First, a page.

Bike Pittsburgh starts online petition calling on PennDOT to address safety concerns | Blogh

Bike Pittsburgh starts online petition calling on PennDOT to address safety concerns

by

comment
A "ghost bike" commemorating the death of cyclist Susan Hicks on Forbes Avenue. - CP PHOTO BY THEO SCHWARZ
  • CP photo by Theo Schwarz
  • A "ghost bike" commemorating the death of cyclist Susan Hicks on Forbes Avenue.
Advocates at Bike Pittsburgh tried for years to get the Pennsylvania Department of Transportation to include bike and pedestrian friendly infrastructure as part of the renovations of West Carson Street in the West End. Those request were denied, and a week after West Carson reopened, cyclist Denis Flanagan was struck and killed by a truck on the newly paved road.

In response, more than 200 bike advocates packed an Aug. 31 PennDOT meeting for new bike design in Oakland, demanding safer street design for bikers and pedestrians on PennDOT projects. Another 200 cyclist road together a week later in tribute to Flanagan and now Bike Pittsburgh is starting an online petition, calling on PennDOT to no longer ignore the request of the bike community and institute safer road design policies.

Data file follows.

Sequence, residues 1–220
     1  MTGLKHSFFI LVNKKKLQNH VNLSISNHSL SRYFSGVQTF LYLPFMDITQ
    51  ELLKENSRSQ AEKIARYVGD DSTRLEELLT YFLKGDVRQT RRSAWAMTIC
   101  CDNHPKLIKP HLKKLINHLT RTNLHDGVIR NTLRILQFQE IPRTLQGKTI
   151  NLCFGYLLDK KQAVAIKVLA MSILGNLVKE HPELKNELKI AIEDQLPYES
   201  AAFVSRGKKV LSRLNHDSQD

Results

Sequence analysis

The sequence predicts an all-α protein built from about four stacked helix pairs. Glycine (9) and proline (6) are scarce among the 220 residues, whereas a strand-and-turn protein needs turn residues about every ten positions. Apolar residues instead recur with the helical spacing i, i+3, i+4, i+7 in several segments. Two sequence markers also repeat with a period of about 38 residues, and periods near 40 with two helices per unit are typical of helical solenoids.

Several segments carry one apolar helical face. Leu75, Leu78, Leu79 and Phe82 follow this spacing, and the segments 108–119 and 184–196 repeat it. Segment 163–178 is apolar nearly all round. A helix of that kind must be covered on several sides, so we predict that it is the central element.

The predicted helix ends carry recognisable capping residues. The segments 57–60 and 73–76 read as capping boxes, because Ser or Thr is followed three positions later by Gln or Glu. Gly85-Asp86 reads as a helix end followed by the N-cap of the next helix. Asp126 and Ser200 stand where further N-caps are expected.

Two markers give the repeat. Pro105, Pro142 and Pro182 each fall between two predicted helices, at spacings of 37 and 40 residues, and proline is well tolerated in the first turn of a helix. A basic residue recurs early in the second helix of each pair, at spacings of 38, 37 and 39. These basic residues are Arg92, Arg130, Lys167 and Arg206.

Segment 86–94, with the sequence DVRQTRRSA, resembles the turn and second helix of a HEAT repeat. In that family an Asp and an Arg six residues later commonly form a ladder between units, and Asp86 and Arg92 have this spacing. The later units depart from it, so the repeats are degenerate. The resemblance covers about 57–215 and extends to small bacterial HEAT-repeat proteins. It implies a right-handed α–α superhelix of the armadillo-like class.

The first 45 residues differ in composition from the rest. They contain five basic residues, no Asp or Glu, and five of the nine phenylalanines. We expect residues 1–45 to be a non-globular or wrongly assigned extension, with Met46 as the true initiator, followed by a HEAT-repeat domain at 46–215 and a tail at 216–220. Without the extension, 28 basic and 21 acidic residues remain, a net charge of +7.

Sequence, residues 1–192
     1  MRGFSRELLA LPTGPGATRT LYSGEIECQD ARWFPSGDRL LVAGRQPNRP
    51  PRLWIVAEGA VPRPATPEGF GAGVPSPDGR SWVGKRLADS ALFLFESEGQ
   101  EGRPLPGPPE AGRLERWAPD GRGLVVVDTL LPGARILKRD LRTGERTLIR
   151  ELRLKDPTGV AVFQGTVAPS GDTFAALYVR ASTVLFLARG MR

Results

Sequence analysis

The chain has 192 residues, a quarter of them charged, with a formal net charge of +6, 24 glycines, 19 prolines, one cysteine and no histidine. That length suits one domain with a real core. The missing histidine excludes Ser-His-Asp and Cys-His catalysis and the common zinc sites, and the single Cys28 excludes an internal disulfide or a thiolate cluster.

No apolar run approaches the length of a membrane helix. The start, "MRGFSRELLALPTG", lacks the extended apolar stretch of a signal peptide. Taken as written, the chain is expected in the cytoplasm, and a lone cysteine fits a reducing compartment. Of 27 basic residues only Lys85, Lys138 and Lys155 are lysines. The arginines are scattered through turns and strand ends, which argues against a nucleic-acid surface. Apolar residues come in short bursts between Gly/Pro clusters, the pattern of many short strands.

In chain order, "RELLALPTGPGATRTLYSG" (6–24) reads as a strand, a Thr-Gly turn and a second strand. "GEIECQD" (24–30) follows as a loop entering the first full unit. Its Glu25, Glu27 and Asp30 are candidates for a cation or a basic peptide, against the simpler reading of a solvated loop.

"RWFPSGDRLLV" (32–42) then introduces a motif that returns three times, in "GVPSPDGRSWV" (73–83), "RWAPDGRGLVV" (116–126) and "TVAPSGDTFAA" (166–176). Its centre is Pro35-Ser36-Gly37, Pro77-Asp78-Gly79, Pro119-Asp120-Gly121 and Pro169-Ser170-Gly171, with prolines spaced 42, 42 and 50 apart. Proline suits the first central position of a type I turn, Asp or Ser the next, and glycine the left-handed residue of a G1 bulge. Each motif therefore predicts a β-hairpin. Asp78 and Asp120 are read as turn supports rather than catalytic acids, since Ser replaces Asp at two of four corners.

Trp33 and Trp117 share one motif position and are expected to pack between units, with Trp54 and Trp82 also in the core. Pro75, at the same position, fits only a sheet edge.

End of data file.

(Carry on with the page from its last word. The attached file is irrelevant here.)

We are trying to show PennDOT that this is important,” says Mike Carroll of Bike Pittsburgh. “This is important to the whole community. This is not just a squeaky wheel of a few activists behind this effort. … Something needs to be done about West Carson Street; the design by PennDOT, makes it dangerous for people riding a bikes and people walking.”

Bike Pittsburgh director Scott Bricker told City Paper last week that he, along with officials from Pittsburgh Mayor Bill Peduto’s and the office of City Councilor Theresa Kail-Smith, whose district encompasses the section of West Carson in question, had been requesting the inclusion of bike lanes on the West Carson plan since 2011. PennDOT said they could not include the lanes becasue of the width restrictions, but Bricker cries foul since the width of the lanes are 14 feet (the standard width for interstate highway lanes is 12 feet).

“If you believe design dictates behavior, then 14 feet means you are on a super highway,” said Bricker. “If you are on a road designed like that, people will go the speed designed.”

Carroll says the petition has almost 1000 signatures. “I hope this shows the level of community support, and that connectivity matters,” he says. “I hope they take the message, that we want the same level of planning they put towards car transportation.”

Carroll says Bike Pittsburgh will keep the petition up for the next couple weeks and then will be and sending them to PennDOT. If you want to sign the petition, follow the link


Add a comment